You may be able to see these differences by the use of some titles within this document. A teacher of mine used to ask, ‘Who is doing the verbs?’ In other words, who is the focus? And the titles of the main persons working within the text can help show the focus.
The secondary title of the work is ‘The Teaching of the Lord…’, but, after that, the next time the word ‘Lord’ is used is all the way in chapter four.
My child, remember night and day the one who preaches God’s word to you, and honor him as though he were the Lord. For wherever the Lord’s nature [the essential aspect of being Lord; see BDAG, page 579] is preached, there the Lord is. Moreover, you shall seek out daily the presence [literally, ‘face’] of the saints, so that you may find support in their words (4.1-2; the word ‘face’ is used two more times after this and is translated as ‘partiality’ and ‘reputation’; sections 3 & 10 respectively).’
Much later in the work, about the same amount from the end of the document (chapter 11), there is a surprisingly similar connection to the quote above, with a person who teaches to be connected to the Lord.
So, if anyone should come and teach you all these things that have just been mentioned above, welcome him. But if the teacher himself goes astray and teaches a different teaching that undermines all this, do not listen to him. However, if his teaching contributes to righteousness and knowledge of the Lord, welcome him as you would the Lord. Now concerning the apostles and prophets, deal with them as follows in accordance with the rule [literally, ‘dogma’] of the gospel. Let every apostle who comes to you be welcomed as if he were the Lord (11.1-4).
Instead of putting forward the face and presence of the risen Lord Jesus and what he says and does—and this, in the New Testament, is often done by using the present tense (and usually called the ‘historical present’)—in the above document the connection to the Lord is one that the reader or listener is to make to the Lord’s preacher, teacher, or apostle. In The Didache, the face of the saints is the face that you are to seek out. Perhaps this, more than anything else, shows the secondary—yet still important—nature of this document.
It is still a very good read.
he Epistle text for this Sunday helps us continue our journey into the Epistle to the Hebrews. Last week I made the point that Noah’s ark was an important one—it was the fourth or middle one of a list of seven people or groups who walked by faith (verses 1-16; we, Abel, Enoch, Noah, Abraham, Abraham—with a different aspect, and Sarah).
Perhaps you knew that there were other arks in the bible. Arguably the most famous one, even more famous than Noah’s ark, is the so-called ‘ark of the covenant’. You might want to think of it as the footstool for God. If God is sitting on his throne, depending on the size of the throne, he might want to have his feet on something so that they are not just hanging down off his fancy chair. A footstool is really just a fancy box.
An ark is a very special box. In Hebrews 11:22, there is a reference to Joseph giving instructions concerning his bones, and the text at the end of Genesis (50:26) says that he was put into a ‘coffin’, but the word is ‘ark’ and is the exact same one in Hebrew as with the ark of the covenant. And so, in Hebrews 11:23, immediately following the words regarding Joseph, there is a note regarding Moses when he was a baby. And the same word in Hebrew for Noah’s ark is also used for the ‘basket’ that Moses was in when his mother put him into the Nile River (See Exodus 2:3 and the footnote in The Lutheran Study Bible, page 98).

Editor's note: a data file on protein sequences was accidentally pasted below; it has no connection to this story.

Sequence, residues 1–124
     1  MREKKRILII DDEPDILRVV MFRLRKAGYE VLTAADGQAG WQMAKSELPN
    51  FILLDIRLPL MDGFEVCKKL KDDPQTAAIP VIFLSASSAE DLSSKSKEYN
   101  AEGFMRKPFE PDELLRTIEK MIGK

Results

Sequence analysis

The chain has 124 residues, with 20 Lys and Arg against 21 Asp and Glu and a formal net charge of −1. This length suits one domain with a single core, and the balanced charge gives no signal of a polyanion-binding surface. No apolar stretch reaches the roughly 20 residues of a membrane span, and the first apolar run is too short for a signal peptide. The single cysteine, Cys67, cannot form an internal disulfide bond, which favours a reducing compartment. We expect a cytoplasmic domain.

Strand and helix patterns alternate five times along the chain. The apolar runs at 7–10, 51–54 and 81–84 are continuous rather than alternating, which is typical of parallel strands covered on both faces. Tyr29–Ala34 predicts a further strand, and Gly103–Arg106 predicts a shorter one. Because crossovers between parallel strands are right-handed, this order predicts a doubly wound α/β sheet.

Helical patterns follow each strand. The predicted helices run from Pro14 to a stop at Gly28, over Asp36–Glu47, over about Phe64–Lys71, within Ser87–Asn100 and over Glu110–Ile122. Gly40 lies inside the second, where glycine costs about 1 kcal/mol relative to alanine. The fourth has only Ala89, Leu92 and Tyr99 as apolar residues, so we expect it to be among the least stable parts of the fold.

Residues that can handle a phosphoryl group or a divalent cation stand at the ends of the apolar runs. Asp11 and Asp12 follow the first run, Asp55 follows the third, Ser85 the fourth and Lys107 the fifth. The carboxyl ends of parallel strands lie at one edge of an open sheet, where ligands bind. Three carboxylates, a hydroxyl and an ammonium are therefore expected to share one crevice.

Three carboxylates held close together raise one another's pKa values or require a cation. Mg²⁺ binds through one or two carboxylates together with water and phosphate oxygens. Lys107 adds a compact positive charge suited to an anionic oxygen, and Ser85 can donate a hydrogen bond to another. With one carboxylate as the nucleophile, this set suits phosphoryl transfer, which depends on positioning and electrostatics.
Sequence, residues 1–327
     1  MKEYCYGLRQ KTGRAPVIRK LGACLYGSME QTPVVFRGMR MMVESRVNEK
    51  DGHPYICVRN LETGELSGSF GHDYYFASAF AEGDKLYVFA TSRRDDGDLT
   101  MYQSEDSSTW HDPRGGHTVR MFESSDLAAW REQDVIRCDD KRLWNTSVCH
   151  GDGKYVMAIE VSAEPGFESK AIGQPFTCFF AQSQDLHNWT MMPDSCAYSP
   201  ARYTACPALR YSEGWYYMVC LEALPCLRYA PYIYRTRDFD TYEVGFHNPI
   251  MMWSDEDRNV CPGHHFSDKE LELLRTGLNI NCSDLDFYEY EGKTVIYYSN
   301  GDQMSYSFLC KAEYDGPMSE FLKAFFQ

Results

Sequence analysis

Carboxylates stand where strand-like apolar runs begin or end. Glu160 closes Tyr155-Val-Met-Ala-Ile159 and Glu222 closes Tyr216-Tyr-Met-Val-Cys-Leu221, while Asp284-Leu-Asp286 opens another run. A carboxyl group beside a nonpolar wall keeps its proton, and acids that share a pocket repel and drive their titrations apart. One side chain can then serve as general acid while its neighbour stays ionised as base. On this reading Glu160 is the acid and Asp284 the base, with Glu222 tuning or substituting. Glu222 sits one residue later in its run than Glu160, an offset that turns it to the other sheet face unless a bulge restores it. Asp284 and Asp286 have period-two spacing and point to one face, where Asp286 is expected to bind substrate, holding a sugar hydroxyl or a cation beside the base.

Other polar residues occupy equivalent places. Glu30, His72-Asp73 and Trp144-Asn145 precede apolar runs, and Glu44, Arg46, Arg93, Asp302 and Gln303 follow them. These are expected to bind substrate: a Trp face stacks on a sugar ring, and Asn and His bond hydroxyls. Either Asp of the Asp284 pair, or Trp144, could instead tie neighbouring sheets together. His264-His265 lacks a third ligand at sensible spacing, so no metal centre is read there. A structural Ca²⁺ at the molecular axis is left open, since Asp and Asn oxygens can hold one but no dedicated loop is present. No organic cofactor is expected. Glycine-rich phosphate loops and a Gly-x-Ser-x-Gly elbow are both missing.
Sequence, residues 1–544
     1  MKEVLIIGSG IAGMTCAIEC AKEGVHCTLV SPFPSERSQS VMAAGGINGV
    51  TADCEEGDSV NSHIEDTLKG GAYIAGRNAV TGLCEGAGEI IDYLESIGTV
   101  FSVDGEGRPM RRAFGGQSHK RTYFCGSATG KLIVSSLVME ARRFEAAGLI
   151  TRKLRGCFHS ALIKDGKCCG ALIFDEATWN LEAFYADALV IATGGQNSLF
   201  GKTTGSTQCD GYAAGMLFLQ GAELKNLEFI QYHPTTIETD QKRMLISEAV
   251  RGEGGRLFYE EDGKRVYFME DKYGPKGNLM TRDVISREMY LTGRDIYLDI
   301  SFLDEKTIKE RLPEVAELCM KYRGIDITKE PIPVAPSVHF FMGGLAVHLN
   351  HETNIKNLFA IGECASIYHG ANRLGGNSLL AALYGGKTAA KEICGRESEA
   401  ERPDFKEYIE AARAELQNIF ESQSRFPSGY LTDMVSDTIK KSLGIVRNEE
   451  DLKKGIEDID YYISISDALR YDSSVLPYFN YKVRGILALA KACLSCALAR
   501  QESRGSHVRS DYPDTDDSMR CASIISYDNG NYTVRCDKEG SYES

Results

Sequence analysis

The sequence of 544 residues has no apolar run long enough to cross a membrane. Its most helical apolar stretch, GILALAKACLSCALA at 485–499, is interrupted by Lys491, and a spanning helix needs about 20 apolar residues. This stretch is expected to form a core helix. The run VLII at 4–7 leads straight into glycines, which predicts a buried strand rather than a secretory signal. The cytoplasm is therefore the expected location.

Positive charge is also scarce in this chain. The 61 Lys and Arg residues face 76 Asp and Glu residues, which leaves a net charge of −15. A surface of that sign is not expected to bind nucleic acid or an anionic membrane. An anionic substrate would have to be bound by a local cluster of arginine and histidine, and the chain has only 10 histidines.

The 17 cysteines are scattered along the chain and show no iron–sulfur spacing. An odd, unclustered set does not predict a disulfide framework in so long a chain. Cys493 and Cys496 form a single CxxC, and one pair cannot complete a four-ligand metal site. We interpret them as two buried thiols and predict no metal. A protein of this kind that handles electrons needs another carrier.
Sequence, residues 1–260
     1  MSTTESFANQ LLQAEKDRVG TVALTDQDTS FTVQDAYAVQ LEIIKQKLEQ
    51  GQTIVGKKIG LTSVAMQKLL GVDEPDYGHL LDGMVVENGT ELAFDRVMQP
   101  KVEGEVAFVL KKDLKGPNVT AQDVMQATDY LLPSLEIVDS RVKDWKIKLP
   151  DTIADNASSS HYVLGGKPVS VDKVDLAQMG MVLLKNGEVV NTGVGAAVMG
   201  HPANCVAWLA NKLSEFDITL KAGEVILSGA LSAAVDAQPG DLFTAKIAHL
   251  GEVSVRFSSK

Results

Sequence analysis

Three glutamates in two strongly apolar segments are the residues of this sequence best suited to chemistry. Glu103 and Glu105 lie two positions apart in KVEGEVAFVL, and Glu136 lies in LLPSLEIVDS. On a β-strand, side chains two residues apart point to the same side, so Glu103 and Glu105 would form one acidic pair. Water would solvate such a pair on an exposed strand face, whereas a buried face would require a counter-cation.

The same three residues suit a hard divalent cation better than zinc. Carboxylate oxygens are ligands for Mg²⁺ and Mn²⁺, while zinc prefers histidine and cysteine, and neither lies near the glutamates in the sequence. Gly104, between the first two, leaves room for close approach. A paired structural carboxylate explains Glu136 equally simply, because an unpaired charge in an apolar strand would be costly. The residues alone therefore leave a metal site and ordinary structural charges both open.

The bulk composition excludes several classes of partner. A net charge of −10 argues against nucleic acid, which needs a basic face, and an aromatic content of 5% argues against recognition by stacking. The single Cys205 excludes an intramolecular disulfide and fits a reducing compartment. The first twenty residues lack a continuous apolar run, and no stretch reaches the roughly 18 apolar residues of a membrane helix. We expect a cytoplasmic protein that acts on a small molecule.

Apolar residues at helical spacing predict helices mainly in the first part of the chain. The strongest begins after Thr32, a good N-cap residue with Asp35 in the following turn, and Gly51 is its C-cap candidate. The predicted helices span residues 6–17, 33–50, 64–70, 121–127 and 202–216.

I do not think that all these oblique references to an ark are a coincidence. The epistle to the Hebrews previously talked about the very famous ark of the covenant, but then the writer abruptly stops focusing on it (Hebrews 9:1-10). There are more important things to talk about—Jesus being one of them.
I hope I do not lose many of you, but I think it is a significant thing when, in verse 28, the text says that ‘By faith he [Moses] kept the Passover....' The verb ‘kept’ is an important one, even though it is hard to tell with this translation. A better translation of the verb would have been ‘has kept’. The verb is in the perfect tense, and it usually means some sort of ramifications for the present. (For those who are interested in more detail, see the book by Daniel B. Wallace, Greek Grammar Beyond the Basics, page 582.)
Most of the verbs in this chapter are in the past, but this one has ramifications for the present. And Jesus certainly changed the extremely ancient and important festival of the Passover into something so incredibly significant for today with his death and resurrection—not to mention his institution of the Lord’s Supper.
Perhaps I am making too much of this, but Moses with his Passover is the fourth person mentioned from the end to have done something by faith. As the fourth person of this distinguished line of people who lived by faith was Noah, the fourth from the end was the one who HAS kept the Passover—and has made that festival important for today. (The last three are the ‘they who went through the Red Sea’, those who were involved in the fall of the walls of Jericho, and Rahab—verses 29-31.)